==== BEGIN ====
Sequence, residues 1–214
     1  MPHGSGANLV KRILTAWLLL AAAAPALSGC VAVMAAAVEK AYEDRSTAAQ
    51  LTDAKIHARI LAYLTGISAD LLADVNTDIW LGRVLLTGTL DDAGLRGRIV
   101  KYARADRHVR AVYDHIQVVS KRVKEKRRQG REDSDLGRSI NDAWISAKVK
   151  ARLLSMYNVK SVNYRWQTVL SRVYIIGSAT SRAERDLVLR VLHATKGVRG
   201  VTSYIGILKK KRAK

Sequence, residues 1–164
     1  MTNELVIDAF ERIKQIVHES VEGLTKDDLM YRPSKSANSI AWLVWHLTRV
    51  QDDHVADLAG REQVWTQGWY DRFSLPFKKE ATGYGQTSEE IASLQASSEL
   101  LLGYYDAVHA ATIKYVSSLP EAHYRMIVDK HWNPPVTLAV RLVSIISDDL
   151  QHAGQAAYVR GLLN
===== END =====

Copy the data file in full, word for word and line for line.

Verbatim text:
Sequence, residues 1–214
     1  MPHGSGANLV KRILTAWLLL AAAAPALSGC VAVMAAAVEK AYEDRSTAAQ
    51  LTDAKIHARI LAYLTGISAD LLADVNTDIW LGRVLLTGTL DDAGLRGRIV
   101  KYARADRHVR AVYDHIQVVS KRVKEKRRQG REDSDLGRSI NDAWISAKVK
   151  ARLLSMYNVK SVNYRWQTVL SRVYIIGSAT SRAERDLVLR VLHATKGVRG
   201  VTSYIGILKK KRAK

Sequence, residues 1–164
     1  MTNELVIDAF ERIKQIVHES VEGLTKDDLM YRPSKSANSI AWLVWHLTRV
    51  QDDHVADLAG REQVWTQGWY DRFSLPFKKE ATGYGQTSEE IASLQASSEL
   101  LLGYYDAVHA ATIKYVSSLP EAHYRMIVDK HWNPPVTLAV RLVSIISDDL
   151  QHAGQAAYVR GLLN